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Author Topic:   Ride Heights
#7_Dummy
Dirt Roller

Total posts: 9
posted January 28, 2005 03:22 PM  
Some of yall tell me if I have got this right. The higher say the left front is raised the more weight that will be taken off of it and put to the opposite tire the RR? Do I have this correct.. and doing what I stated above would tighten the car wouldn't it?

#7_Dummy
Dirt Roller

Total posts: 9
posted January 28, 2005 03:24 PM  
And I'm talking about a RWD car if that matters.

bigcityracer
Dirt Freak

Total posts: 431
posted January 28, 2005 09:06 PM  
Raising or lowering a corner will only change cross weight. I will not change front or rear weight. You must remove weight or place weight in another area in order to change weight.

rnoswal53
Dirt Maniac

Total posts: 120
posted January 29, 2005 09:31 AM  
I am sure that you know that if you keep raising a corner in heighth, you will take weight off the the other corners. The weight of the car remains the same, but like was said before, your cross weight will change. Use some scales and try to get 51% or more weight to the rear and as much left weight as you can while keeping the car light still.

We had a minimum weight rule at our track, but if you ran your car that light, you were always spinning the rear wheels. Motor in the same location and stock frame, but gutted all the way. So it is a matter of using the weight you have to your advantage.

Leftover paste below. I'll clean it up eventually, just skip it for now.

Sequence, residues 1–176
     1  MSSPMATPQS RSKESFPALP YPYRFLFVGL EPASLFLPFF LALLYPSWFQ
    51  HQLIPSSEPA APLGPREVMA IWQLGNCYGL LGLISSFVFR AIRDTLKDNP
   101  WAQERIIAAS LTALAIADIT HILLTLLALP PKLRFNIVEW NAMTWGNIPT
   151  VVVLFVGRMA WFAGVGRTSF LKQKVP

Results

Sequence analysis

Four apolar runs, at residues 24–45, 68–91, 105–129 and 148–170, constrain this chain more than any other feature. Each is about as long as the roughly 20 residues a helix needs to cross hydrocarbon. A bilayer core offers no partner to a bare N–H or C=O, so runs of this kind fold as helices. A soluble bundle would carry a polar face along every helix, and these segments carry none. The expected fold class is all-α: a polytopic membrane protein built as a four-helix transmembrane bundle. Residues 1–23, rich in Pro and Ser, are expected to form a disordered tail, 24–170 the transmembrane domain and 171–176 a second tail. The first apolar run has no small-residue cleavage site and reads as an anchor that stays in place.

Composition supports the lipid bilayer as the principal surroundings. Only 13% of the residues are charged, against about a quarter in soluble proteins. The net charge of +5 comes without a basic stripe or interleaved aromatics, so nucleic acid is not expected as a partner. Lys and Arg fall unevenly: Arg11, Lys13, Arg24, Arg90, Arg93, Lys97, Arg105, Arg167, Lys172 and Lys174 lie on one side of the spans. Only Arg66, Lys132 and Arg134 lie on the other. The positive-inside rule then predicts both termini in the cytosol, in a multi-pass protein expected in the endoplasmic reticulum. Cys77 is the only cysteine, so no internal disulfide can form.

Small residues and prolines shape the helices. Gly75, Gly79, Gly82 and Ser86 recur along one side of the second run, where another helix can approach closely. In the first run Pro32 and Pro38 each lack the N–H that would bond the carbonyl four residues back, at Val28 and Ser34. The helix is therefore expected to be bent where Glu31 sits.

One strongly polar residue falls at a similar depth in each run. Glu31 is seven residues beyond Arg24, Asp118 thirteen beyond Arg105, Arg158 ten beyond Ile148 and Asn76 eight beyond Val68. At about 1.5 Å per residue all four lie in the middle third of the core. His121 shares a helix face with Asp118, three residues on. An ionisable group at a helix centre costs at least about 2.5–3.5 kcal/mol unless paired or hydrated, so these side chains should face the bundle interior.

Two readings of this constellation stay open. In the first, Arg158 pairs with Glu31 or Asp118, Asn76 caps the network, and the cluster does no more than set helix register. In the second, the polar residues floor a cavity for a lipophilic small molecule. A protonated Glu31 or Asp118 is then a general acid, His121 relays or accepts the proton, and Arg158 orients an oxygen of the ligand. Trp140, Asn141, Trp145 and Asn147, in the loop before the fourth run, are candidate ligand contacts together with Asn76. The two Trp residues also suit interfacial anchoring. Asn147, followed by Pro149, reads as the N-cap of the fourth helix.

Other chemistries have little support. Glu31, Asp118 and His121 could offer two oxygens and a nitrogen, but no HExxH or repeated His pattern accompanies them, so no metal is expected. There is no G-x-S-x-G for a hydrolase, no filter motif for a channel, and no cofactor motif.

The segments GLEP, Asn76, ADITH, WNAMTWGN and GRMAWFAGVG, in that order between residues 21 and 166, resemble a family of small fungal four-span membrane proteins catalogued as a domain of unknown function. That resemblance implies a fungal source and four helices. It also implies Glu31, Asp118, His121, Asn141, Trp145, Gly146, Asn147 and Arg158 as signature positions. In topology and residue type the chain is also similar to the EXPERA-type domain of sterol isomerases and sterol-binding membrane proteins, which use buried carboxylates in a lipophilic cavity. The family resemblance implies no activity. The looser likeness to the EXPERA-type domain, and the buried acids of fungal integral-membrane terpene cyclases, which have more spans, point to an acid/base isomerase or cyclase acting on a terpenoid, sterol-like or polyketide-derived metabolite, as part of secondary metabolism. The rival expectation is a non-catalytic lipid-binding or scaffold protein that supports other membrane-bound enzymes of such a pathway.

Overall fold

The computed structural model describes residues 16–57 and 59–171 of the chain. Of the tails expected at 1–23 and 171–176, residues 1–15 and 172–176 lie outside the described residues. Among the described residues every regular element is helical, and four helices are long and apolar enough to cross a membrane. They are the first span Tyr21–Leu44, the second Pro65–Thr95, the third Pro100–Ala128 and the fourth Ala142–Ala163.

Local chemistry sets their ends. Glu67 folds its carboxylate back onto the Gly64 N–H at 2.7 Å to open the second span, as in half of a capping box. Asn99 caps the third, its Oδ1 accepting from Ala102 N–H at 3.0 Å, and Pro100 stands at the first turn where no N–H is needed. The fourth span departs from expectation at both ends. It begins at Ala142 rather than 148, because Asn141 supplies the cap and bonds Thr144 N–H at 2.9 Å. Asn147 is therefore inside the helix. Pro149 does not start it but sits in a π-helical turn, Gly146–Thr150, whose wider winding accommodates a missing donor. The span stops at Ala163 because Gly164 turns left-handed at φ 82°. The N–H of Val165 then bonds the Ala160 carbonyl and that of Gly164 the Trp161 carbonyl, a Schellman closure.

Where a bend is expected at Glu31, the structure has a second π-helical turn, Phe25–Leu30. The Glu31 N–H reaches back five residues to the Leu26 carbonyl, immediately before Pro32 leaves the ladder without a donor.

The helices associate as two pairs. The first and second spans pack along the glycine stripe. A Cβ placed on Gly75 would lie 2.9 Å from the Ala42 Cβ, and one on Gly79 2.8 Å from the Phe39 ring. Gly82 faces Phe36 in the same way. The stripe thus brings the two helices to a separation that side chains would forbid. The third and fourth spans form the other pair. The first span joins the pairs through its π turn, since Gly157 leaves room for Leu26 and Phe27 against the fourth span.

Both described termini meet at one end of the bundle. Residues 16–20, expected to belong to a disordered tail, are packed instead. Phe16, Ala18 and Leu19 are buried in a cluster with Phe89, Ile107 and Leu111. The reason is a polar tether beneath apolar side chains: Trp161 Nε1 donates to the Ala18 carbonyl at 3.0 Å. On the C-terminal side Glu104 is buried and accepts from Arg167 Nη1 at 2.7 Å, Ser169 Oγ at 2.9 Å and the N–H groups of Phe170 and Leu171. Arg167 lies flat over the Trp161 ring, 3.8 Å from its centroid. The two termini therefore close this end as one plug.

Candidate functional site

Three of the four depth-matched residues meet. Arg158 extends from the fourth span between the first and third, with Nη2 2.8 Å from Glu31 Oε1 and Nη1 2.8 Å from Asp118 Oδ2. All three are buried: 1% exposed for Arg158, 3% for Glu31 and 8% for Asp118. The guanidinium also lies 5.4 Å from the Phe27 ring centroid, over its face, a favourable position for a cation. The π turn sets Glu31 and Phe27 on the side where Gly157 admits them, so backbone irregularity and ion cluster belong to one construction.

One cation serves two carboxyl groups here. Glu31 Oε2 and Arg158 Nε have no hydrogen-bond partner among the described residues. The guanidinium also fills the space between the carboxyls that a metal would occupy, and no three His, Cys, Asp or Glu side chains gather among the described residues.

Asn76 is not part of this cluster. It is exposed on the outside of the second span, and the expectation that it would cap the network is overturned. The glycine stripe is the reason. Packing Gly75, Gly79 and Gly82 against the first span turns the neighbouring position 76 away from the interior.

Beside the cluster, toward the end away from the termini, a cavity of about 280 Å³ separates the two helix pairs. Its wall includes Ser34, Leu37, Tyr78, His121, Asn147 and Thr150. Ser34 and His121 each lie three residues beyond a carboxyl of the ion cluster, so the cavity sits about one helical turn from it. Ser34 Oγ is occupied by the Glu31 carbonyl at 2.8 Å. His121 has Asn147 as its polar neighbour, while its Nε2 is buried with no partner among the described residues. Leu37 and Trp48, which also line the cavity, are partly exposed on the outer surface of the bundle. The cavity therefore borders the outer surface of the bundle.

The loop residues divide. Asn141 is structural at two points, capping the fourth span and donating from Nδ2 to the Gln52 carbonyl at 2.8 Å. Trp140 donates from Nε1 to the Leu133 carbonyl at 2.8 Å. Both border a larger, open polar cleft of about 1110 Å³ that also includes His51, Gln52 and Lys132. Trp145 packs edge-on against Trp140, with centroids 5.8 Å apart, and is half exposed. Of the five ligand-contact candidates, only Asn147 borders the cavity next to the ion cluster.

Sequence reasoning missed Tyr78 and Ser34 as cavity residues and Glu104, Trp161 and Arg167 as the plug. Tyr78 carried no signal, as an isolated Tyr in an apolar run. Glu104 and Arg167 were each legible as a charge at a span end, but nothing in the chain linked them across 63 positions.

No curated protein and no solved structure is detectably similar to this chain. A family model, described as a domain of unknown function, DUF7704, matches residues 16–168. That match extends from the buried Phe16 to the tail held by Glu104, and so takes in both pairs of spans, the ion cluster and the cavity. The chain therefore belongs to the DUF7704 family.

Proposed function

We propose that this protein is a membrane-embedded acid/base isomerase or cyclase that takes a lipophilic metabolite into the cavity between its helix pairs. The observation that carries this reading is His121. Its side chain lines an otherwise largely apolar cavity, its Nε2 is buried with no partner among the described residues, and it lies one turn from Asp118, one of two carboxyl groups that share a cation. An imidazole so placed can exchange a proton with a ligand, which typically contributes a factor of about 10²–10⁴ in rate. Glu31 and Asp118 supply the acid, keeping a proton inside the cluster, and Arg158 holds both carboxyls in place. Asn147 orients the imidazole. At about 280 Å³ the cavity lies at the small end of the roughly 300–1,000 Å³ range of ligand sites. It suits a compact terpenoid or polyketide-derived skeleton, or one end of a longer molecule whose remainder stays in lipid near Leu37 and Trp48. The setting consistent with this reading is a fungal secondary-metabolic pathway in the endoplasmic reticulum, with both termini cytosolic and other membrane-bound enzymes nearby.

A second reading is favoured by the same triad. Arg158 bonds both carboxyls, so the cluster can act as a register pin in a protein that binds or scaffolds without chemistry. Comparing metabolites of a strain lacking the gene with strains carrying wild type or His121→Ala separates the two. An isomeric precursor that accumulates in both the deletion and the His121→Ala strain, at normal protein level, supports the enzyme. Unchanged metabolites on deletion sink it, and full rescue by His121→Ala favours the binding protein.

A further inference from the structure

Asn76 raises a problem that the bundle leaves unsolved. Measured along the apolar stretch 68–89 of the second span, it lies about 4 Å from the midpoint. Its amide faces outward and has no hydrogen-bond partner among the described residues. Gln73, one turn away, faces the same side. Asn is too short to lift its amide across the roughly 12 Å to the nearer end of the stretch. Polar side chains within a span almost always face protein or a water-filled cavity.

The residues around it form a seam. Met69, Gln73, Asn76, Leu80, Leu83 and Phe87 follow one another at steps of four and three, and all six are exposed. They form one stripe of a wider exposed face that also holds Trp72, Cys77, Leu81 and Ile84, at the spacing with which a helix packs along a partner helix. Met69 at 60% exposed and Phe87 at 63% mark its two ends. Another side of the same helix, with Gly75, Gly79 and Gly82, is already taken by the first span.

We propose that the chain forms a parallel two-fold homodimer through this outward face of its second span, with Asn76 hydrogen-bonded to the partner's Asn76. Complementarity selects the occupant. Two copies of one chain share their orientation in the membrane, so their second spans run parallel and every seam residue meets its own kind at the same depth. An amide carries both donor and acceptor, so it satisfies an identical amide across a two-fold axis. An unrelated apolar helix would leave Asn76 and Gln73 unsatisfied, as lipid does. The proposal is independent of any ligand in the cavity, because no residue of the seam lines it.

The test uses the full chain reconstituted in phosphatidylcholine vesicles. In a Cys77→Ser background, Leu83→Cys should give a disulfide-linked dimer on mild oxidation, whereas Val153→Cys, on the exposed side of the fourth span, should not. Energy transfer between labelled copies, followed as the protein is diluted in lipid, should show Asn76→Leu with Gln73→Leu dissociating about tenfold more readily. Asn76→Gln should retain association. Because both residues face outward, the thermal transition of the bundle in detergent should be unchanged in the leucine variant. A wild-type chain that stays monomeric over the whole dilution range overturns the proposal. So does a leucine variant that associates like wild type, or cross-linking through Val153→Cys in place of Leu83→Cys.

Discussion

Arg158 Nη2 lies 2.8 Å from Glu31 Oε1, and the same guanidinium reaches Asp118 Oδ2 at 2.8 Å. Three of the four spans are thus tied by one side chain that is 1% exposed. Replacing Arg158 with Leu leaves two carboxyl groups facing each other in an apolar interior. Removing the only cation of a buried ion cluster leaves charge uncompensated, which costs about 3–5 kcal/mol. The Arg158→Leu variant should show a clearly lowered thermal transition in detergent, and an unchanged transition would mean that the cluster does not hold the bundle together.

If you raise the heighth of the front of the car a foot, the car will still weigh the same but a lot of the percentage of weight will now be at the rear of the car. A lot of guys do that, but not quite to that extreme. Keep the suspension soft and get the cars weight to do the work over the tires that need the traction.

I am not a specialist, but through trial and error, most of this stuff holds true.

Russ

racerman707
Dirt Freak

Total posts: 374
posted January 30, 2005 03:57 PM  
If you have screw jacks, jacking down or raising that corner adds weight to it and the diagonal corner. So raising the left front puts weight on the lf and rr and some weight comes off the lr and rf. Picture a see-saw.

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